In 1854 the Board of the Inland Revenue engaged Jean Francois Joubert de la Ferte to engrave a design of the Queen's head from a drawing by Henry Corbould which was based on the Wyon medal. The 1855 GB 4d stamp was the first to utilise the design. From this master die a number of variants were known as the Diadem Heads. The Diadem IV was adopted as the master for Jamaica.
With regard to the issue of these stamps, no notice appeared in the Jamaica Gazette, nor was there any Post Office notification to the Public, but Postmaster General Pierce, many years afterwards, affirmed that these stamps were first issued to the public on 23rd November 1860, and this date has the strong support of the following letter:
GENERAL POST OFFICE
24th November 1860.
I have the honor to enclose for the information of the Postmaster General, samples of the Postage stamps now in use in this Colony, of the following denominations-viz.:
I have the honour to be
Your most obedient servant
ALEX. J. BRYMER,
Postmaster for Jamaica.
Sir Rowland Hill, K.C.B.'
The Falmouth Post alone of the Island newspapers made any allusion to the introduction of these stamps, by reporting in its issue of 27 November 1860:
"We are informed that the Postmaster of Jamaica has received a large number of postage stamps, and that they will be distributed amongst his deputies ...".
Outside of Kingston and the larger towns, the shilling was not a popular stamp. The planters, remembering their distance from a Post Office, and that a shilling stamp was ordinarily only of service for packet letters, preferred to lay in a stock of sixpenny and lower values, and accordingly collectors are provided with a considerable number of covers franked by two sixpenny stamps, prepaying packet postage, or more rarely three four-pennies, or other requisite values. Whereas the shilling stamp had a great vogue in Kingston, the sixpenny stamp was the maid of all work throughout the island, and this probably accounts for the diversity of shade.[EJP]
Jamaica Watermark Pineapple: 1d, 2d, 4d, 6d, 1s
"The first issue of Jamaica postage stamps was handled by Thomson Hankey & Co. for the Government of Jamaica. A Board of Inland Revenue Minute of May 3, 1860 authorised De La Rue to go ahead under the supervision of Edwin Hill. The design was clearly defined in the letter to Thomson Hankey from the Jamaica Executive Committee, a copy of which is in the Inland Revenue Records: 'Her Majesty's Head as previously engraved, with the words "Jamaica Postage" at the top of the head, and at foot the words "One Shilling" or "Sixpence" etc., as the case may be, expressive of the value of each denomination'. There is no mention of a pineapple watermark on the paper.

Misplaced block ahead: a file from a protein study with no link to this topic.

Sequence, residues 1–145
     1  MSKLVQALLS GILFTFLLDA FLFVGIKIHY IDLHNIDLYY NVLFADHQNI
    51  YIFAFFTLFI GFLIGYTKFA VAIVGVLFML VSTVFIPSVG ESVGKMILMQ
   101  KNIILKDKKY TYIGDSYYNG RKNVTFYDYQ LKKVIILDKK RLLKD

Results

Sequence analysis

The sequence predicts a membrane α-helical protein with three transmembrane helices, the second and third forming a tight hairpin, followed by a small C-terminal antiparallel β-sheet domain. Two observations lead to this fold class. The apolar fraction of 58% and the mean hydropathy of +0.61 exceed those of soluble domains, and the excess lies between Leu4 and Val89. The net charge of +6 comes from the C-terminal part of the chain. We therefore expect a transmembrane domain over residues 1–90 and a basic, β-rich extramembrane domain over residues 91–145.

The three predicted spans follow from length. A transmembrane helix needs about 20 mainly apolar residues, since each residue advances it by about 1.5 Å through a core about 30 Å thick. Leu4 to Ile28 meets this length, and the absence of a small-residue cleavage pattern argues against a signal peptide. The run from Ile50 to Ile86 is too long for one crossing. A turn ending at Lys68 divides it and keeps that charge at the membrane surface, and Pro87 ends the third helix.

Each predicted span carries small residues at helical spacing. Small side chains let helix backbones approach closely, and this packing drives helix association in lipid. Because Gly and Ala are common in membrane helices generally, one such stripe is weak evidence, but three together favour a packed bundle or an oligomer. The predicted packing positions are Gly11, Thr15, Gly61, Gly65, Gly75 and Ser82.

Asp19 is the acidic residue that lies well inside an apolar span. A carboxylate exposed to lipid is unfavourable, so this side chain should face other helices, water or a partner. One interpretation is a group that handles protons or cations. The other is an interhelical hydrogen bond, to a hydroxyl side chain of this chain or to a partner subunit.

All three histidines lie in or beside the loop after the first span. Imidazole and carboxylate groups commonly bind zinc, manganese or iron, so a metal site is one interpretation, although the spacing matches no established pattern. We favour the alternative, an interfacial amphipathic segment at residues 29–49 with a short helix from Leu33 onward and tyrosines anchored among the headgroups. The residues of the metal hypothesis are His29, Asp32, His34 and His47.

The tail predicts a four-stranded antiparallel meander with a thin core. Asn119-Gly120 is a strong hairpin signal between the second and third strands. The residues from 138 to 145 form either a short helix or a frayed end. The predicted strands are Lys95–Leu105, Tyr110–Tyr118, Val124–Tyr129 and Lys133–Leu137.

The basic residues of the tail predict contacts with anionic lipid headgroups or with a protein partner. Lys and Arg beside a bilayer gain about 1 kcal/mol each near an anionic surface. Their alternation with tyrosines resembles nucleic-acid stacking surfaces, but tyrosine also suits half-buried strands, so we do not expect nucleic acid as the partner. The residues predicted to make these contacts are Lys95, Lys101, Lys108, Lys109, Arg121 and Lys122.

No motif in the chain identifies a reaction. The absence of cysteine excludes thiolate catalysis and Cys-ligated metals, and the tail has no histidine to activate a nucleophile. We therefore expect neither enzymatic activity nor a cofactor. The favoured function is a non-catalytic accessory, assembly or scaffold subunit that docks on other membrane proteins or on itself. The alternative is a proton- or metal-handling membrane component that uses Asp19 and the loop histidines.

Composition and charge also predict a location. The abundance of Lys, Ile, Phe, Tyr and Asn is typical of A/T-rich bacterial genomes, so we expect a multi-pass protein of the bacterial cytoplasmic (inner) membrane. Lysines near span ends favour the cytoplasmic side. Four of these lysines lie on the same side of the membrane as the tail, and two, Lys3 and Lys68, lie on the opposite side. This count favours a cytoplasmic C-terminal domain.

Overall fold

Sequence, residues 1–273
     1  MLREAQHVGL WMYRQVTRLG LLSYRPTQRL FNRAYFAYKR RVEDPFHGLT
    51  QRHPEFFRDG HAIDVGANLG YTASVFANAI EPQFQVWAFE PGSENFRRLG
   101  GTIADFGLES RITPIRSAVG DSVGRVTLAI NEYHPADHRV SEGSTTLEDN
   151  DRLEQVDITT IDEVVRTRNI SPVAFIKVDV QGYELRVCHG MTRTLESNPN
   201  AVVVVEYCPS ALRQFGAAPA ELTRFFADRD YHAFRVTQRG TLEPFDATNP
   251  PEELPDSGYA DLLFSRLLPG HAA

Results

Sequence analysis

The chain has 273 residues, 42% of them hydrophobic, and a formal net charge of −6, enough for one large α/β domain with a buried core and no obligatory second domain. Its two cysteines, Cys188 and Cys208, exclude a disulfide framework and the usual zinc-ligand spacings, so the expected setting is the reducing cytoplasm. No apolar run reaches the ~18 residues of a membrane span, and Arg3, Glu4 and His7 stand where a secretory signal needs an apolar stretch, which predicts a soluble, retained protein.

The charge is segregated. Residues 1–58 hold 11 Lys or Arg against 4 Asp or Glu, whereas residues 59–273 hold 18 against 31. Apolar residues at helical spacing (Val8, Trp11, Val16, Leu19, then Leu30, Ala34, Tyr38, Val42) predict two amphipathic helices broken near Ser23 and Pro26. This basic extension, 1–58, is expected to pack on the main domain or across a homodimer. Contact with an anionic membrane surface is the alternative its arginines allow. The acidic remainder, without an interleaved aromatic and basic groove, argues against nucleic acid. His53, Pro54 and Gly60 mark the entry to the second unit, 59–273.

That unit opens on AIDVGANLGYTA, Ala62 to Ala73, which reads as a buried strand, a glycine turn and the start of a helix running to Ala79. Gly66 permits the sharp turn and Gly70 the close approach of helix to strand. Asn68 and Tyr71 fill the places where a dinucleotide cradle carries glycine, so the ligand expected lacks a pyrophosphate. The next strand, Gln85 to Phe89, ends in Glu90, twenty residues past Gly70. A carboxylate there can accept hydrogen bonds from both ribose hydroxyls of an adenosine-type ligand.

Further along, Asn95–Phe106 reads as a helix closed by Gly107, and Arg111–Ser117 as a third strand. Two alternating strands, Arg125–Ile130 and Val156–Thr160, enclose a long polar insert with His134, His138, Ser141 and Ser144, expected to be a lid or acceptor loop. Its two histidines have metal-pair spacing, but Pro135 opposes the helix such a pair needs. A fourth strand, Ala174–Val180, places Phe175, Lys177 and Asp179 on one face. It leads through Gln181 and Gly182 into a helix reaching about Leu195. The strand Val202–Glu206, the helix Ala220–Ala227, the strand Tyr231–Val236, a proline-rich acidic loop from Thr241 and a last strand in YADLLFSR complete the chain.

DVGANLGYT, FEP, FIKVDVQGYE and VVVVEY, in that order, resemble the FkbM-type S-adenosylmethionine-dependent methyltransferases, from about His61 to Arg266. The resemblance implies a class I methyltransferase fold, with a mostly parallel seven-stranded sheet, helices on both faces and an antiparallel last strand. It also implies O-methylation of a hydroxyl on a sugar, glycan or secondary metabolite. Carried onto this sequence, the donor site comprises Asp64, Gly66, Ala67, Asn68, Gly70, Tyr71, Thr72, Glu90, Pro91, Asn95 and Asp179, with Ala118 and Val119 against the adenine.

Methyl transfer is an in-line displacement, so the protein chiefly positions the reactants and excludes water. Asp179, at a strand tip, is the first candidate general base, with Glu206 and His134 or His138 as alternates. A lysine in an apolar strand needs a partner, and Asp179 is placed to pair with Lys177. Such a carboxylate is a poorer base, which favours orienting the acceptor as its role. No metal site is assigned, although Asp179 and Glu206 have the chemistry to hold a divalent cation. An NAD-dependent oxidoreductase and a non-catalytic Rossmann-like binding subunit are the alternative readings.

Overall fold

The Board on May 3rd asked Thomson Hankey 'upon what kind of paper these stamps are to be printed, and by whom it is to be supplied'. In their acknowledgment of May 15th Thomson Hankey said that they were 'not yet in possession of their (the Executive Committee's) decision about the quality of the paper.' They followed this up on May 30, 1860 when they said: 'Messrs De La Rue inform us that the makers of the Water Paper (sic) will be Mr Richard Turner of Chafford Mills'. It is possible that this correspondence caused the Inland Revenue to realise that for some little time postage stamps printed on unwatermarked paper had been going out to the Colonies. Ormond Hill's next note, dated May 31, 1860, has a reference to 'similar cases' which may have that interpretation. As the watermark is one of the securities against fraudulent imitation, the preparation of the watermarked paper is carried on under the inspection of Officers of the Board who check the number of sheets made.
The fact that there was a watermark in the first place was clearly not due to the Jamaica Government or their London Agents: similarly there is nothing to show why a pineapple was chosen, and who chose it. The stamps were invoiced on October 17, 1860 so that the production was put through quickly. Strangely enough one multiple in the printing plate of the One Shilling was damaged and not repaired, and the well-known 'dollar variety' persisted until 1912. The invoice gives a full description of the processes used, except that it does not refer to perforation. The fact that moulds were charged indicates that the pineapple paper was hand made.
From the invoice for preparing this first postage issue (17 October 1860):
- Making from the original die of H.M. head used for the Jamaica Receipt Stamps a counter die and altering it in part, so as to adapt it for the postage stamp. Transferring the counter die on five dies to be used as master dies for the postage rates id. 2d. 4d. 6d. & 1/-. Working up the Queen's head on each equal to the original die and engraving a distinctive device on each respective die; fitting and hardening the same five dies - ?30 each, ?150 total.
- Preparing five Electrotype printing plates each containing 24 duplicates for the several duties of 1d. 2d. 4d. 6d & 1/- postage rates, mounting the Electrotype plates on cast iron plates truly planed - ?85 each, ?425 total.
- Preparing moulds for the manufacture of the paper with the device of a pineapple repeated 240 times so that each stamp bears the watermark of a pineapple repeated 240 times so that each stamp bears the watermark of a pine - ?48.
- Supplying watermarked paper for and printing in various fugitive inks soluble in such menstrua as could be used to remove the obliterating mark in order to prevent the possibility of reissue of the stamps after once passing the Post Office - Cementing the Stamps at back - ?61,5s.,9d.
- Total: ?684,5s.,9d.
The 817,200 stamps of the first printing were divided as follows: One Penny, 270,720; Twopence, 70,320; Fourpence, 325,920; Sixpence, 138,960; One Shilling, 11,280.